I hoped that I could depend on the Exif shutter count for D7000, but Nikon support website explained that shutter count is not trustworthy since it may reset by service centers for different reasons such as a shutter change and also software update.

In my case, I think I can be sure that the shutter has not been changed, because the body looks new... so what are the other ways to understand this?

  • 2
    \$\begingroup\$ What makes you think it is not new? \$\endgroup\$
    – Phil
    Sep 15, 2012 at 18:17
  • \$\begingroup\$ Not buying from a shop... \$\endgroup\$
    – Omne
    Sep 15, 2012 at 19:20

2 Answers 2


The shutter-count is a good start. If you are buying from someone, you can ask to see the receipt. Here at least, photo stores print the serial number on it. That will give you a date of purchase. If buying from a store, call Nikon support and ask if the serial number has been registered for warranty.

There is perhaps no foolproof way of removing all doubts but at least the shutter-count gives you the age of the shutter which will tell you how long you have before it needs replacing. That and the mirror-box. Other parts should last a very long time compared to those.

  • \$\begingroup\$ I didn't think about checking receipt and the serial with Nikon support, I'll check the Exif too, but probably, as you said checking receipt and serial should be better. Thank you :) \$\endgroup\$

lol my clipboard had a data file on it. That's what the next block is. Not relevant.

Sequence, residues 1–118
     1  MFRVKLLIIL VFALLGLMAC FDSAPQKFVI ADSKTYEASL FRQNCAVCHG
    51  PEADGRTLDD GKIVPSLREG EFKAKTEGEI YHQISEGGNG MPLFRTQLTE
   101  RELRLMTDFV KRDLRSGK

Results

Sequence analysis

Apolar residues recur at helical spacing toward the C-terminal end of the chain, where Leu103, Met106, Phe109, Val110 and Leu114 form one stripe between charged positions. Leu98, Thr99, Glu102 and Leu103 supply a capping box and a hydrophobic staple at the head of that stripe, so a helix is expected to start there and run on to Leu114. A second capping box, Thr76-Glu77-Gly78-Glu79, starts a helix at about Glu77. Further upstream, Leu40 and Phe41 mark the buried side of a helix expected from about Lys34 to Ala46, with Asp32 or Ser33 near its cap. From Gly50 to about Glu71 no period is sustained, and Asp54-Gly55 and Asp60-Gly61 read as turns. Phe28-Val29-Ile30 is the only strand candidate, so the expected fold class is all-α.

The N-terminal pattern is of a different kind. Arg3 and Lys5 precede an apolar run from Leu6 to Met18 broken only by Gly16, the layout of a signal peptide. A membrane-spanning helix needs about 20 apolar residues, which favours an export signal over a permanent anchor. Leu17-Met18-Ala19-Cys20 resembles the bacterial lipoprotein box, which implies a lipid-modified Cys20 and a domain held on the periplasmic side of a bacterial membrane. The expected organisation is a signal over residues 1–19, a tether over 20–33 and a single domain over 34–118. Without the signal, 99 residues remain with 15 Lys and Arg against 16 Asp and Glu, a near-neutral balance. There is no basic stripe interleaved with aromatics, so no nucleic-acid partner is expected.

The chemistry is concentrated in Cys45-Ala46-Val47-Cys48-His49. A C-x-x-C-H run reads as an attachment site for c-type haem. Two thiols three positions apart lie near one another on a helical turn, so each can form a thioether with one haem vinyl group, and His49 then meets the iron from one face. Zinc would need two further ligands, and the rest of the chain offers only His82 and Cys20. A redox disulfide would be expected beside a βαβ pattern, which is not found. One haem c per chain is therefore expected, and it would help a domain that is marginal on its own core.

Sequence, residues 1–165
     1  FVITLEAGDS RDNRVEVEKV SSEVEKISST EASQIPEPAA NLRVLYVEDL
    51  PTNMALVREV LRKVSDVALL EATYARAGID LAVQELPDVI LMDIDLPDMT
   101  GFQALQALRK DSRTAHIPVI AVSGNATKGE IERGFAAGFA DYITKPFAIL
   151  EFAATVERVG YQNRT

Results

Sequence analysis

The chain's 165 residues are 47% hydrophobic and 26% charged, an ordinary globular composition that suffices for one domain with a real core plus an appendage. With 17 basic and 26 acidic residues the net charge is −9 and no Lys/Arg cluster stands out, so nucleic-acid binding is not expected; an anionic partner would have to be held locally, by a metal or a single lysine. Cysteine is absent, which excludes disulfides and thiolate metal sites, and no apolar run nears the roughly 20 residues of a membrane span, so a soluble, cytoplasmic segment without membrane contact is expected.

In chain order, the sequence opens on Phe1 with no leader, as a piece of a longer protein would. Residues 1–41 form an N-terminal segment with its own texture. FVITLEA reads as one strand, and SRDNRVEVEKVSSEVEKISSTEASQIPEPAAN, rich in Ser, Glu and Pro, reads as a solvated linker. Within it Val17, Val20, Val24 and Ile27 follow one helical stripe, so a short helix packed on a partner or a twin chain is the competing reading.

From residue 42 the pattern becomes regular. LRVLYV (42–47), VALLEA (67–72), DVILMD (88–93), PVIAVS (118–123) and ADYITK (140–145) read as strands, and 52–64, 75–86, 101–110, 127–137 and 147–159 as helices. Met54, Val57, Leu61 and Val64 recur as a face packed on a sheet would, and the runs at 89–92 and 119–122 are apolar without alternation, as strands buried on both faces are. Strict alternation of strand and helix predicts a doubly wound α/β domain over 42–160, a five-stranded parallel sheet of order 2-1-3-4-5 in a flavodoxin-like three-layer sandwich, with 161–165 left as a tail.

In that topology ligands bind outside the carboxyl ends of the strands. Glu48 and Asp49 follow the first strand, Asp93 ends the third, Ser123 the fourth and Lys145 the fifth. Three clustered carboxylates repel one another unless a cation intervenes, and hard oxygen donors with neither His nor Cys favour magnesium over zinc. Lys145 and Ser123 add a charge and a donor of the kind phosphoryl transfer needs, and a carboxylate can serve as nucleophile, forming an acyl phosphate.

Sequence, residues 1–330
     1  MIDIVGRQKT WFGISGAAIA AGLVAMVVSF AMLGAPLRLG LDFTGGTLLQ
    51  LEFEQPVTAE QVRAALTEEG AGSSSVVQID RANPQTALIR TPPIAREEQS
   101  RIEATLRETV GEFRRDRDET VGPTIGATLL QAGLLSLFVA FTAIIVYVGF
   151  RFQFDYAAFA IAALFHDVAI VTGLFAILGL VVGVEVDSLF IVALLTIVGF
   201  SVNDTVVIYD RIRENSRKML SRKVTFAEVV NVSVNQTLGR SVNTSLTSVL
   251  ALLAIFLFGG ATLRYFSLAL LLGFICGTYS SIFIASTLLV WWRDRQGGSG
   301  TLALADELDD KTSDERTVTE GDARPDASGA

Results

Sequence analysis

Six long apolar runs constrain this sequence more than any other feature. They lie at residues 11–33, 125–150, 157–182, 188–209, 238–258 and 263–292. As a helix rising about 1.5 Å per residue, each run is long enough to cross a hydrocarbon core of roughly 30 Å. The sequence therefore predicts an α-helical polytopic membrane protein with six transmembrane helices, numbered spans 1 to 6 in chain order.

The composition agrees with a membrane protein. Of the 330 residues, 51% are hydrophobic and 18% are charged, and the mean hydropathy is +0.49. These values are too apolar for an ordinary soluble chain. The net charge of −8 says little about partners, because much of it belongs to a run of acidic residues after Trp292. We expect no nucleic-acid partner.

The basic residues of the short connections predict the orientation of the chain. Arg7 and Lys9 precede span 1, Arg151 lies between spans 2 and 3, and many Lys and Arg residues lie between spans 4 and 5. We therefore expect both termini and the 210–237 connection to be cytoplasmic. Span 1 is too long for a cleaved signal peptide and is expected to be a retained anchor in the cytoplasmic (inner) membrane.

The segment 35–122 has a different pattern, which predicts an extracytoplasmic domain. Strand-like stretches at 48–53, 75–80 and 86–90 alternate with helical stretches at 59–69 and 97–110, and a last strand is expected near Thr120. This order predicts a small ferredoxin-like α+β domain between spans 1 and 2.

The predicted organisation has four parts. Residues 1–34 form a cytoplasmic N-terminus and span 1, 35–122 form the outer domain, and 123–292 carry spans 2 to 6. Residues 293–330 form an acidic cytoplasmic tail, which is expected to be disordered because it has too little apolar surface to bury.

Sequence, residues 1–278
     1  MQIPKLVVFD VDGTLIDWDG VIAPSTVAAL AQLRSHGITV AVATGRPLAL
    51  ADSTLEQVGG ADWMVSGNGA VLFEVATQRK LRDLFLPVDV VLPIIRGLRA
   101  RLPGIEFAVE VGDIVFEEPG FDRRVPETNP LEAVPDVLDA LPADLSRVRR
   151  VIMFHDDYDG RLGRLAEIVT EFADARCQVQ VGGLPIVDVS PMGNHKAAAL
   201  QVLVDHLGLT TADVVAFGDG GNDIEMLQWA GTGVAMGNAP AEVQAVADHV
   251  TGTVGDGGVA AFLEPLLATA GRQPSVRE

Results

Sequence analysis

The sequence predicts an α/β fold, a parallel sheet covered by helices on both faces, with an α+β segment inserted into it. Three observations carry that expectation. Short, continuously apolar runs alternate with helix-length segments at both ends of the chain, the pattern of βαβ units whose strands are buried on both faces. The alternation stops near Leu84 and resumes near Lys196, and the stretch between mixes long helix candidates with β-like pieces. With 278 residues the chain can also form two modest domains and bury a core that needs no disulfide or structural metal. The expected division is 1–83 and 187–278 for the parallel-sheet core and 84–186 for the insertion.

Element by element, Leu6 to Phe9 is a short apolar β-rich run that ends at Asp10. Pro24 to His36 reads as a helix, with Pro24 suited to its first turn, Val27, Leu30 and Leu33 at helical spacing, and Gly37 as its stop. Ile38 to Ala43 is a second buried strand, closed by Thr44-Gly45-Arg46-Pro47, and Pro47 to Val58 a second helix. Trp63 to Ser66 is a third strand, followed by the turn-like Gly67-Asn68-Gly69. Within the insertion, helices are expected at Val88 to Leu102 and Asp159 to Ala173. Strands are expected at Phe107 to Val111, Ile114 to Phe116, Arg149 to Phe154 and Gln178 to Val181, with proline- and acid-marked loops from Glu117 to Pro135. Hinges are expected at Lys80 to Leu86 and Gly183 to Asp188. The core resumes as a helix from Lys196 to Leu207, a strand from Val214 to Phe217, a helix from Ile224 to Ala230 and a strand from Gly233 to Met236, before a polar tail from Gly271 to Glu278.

– Omne
    Sep 15, 2012 at 19:19

One way to tell if it is "new in box" is if when you power it on, it prompts you to select the user interface language. This happens automatically only the first time it is powered on.

I bought a Nikon D90 (from a retail store), and when I turned it on, it did NOT give me that prompt, so I checked the shutter count and found it at over 1500. I returned it and got a different one that prompted for the menu language.

I'm in Canada, so I'm not sure if the prompt for UI language is universal, but I think it would be as the choices included more than just English and French.

  • 1
    \$\begingroup\$ That prompt appears also after leaving the battery off for a long time or doing a firmware update on most brands of cameras. \$\endgroup\$
    – Itai
    Sep 16, 2012 at 1:40
  • \$\begingroup\$ seanmc, thanks for your reply. I too thought I can depend on that, but as Itai said it's too easy to reset. I'm looking for a more trustworthy way, I'm not sure but it seems Canon's shutter count is more trustworthy than Nikon... or are they same? idk why Nikon is making this so hard... \$\endgroup\$
    – Omne
    Sep 16, 2012 at 9:40
  • \$\begingroup\$ Did they sell it as new? If they did, then it was fraud. \$\endgroup\$ Oct 5, 2013 at 18:03

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